Opinion Former Article

ESRC: Festival of Social Science: Specialist support is lacking for LGBT people seeking asylum

Date: 6th November 2014

Time: 9.00 - 17.00hrs

Location: Liverpool

Lesbian, gay, bisexual and trans (LGBT) people seeking asylum - including those living with HIV - face a lack of specialist support and services in the UK, according to new research.

LGBT people seek asylum in the UK to escape persecution, violence and the real threat of death in their own countries. However, new research shows that many experience humiliating questioning by Home Office case workers, and some feel pressured to provide graphic photographs or videos of themselves involved in sexual acts to prove their sexual orientation. The research, led by Jennifer New from the University of Liverpool, and Sahir House, Merseyside and North Cheshire’s HIV charity, will be presented at an event as part of the annual Economic and Social Research Council’s (ESRC) Festival of Social Science.

“This research project will have a significant impact on improving services for LGBT people seeking asylum in the UK, including those living with HIV,” says Steve Earle, Services Manager at Sahir House. “The research carried out so far highlights the problems in the UK asylum process including the degrading nature of Home Office interviews and the extremes that people have to go to, to ‘prove’ their sexual orientation or gender identity.”

People seeking asylum are a vulnerable and marginalised group of people. A dispersal centre since 1999, Liverpool is one of the main cities in the UK where people can seek sanctuary. Sahir House is a charity which provides services to people living with and affected by HIV in Merseyside and North Cheshire. Through their support work, the charity identified a number of key issues affecting LGBT people. In particular, they found that Home Office case workers displayed a lack of understanding of sexual orientation, gender identity and of cultural and state-sponsored homophobia and transphobia in people’s countries of origin. Another issue identified by Sahir House was the lack of research relating to the needs and experiences of LGBT people, particularly of trans people.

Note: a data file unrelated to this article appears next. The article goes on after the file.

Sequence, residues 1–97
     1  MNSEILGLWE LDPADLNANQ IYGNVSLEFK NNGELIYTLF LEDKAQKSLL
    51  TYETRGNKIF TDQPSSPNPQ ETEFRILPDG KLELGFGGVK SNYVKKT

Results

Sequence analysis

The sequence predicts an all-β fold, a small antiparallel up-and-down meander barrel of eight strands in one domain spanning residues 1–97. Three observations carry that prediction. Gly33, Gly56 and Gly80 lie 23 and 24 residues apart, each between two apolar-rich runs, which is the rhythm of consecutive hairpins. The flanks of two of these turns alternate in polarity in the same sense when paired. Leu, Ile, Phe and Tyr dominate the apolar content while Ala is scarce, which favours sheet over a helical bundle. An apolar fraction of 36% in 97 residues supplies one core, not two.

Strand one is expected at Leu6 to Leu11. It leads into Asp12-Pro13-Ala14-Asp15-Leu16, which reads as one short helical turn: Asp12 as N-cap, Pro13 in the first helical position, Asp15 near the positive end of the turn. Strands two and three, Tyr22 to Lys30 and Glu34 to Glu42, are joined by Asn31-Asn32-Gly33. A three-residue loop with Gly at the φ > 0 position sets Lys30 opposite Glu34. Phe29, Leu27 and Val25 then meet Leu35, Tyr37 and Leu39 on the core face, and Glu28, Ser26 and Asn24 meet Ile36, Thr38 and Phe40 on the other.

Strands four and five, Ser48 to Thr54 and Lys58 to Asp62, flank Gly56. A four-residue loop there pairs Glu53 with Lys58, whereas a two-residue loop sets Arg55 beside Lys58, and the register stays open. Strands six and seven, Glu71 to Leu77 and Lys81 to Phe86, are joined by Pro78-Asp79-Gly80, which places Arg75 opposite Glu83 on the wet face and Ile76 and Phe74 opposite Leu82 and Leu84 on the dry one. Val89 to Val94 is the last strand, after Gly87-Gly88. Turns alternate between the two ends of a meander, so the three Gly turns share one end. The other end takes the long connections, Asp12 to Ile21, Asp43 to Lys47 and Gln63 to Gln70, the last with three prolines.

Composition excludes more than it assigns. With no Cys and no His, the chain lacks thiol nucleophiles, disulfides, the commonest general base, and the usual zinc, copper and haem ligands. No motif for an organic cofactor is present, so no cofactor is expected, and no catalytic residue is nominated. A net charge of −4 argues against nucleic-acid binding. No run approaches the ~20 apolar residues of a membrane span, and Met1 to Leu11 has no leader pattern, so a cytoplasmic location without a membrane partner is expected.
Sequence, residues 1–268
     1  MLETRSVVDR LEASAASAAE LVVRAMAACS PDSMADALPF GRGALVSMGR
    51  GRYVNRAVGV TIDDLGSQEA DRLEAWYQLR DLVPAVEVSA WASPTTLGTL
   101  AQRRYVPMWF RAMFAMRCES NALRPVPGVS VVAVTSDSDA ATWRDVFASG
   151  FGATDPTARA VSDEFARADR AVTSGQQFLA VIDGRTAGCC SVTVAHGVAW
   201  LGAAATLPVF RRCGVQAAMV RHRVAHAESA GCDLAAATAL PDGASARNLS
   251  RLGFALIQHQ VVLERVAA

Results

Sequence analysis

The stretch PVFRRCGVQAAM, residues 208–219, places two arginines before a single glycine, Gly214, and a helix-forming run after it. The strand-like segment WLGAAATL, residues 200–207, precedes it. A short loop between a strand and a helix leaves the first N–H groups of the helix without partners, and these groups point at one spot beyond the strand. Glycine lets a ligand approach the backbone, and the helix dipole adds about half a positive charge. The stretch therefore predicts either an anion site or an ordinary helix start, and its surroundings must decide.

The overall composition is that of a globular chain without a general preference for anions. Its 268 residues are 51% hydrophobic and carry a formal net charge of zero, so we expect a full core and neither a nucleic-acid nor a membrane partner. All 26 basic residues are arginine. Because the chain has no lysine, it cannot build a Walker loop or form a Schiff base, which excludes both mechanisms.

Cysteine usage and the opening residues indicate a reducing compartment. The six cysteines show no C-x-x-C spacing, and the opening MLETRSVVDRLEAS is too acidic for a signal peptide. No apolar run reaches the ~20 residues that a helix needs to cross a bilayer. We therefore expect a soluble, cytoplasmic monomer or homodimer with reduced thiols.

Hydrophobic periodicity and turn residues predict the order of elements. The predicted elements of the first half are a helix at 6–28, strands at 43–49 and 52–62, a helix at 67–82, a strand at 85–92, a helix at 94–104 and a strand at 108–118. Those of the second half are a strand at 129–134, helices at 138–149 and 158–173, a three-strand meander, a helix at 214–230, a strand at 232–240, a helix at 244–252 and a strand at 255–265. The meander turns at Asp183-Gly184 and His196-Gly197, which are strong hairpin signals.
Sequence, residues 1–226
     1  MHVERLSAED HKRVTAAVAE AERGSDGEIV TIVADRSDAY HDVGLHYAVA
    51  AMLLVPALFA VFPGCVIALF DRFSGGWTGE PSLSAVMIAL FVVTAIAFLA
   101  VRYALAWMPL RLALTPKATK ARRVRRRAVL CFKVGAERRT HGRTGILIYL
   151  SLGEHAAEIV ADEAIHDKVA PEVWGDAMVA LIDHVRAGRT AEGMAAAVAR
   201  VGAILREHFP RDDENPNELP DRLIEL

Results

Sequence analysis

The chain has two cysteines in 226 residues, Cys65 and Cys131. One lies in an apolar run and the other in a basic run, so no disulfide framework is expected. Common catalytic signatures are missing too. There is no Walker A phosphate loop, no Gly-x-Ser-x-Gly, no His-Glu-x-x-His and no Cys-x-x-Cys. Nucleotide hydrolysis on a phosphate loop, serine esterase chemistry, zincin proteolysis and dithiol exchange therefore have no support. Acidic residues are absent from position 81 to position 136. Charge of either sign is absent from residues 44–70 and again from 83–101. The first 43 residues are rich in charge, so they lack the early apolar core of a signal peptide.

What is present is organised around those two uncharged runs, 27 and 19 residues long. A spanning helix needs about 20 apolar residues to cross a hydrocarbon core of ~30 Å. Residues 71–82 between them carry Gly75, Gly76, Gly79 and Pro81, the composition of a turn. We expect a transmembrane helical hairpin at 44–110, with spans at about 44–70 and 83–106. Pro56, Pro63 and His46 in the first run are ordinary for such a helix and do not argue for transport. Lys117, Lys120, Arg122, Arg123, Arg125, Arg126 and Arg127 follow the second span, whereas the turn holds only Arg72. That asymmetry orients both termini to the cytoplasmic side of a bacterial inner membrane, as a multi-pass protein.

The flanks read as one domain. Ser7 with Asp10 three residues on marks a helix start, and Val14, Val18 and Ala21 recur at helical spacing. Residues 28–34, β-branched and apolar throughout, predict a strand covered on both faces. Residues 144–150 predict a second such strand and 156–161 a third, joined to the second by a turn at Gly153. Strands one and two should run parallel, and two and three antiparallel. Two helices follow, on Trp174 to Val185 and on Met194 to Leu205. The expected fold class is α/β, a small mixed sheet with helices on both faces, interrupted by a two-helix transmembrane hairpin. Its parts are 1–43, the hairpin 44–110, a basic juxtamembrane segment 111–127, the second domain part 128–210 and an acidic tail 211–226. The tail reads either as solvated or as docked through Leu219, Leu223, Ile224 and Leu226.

In order to investigate these issues, Sahir House and the University of Liverpool worked to develop a research project with a range of organisations including the British Red Cross and Merseycare NHS Trust, as well as asylum and immigration lawyers. Both Jennifer New - research student at the School of Sociology, Social Policy and Criminology at Liverpool University - and Deborah McCormick - research student in the Department of Social Work, Care and Justice at Liverpool Hope University - carried out interviews with service providers.

Their research identified a lack of specialist support for LGBT people seeking asylum including those living with HIV, and a lack of ‘safe spaces’ where LGBT people could disclose their sexual orientation, gender identity and/or HIV status. The study highlighted a need for greater visibility of existing services as well as a need for specialist training for frontline staff in public and third sector agencies. The research also found there is a need for greater access to good quality legal support, and for specialist interpreters who understand issues around sexual orientation, gender identity and HIV.